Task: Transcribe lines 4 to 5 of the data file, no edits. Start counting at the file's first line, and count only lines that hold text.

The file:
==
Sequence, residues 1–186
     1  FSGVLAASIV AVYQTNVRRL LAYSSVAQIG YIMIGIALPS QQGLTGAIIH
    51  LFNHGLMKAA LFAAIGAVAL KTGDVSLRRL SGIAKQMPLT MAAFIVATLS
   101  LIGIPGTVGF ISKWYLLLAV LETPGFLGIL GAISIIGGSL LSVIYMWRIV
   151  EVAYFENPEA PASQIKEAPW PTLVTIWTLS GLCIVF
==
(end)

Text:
   101  LIGIPGTVGF ISKWYLLLAV LETPGFLGIL GAISIIGGSL LSVIYMWRIV
   151  EVAYFENPEA PASQIKEAPW PTLVTIWTLS GLCIVF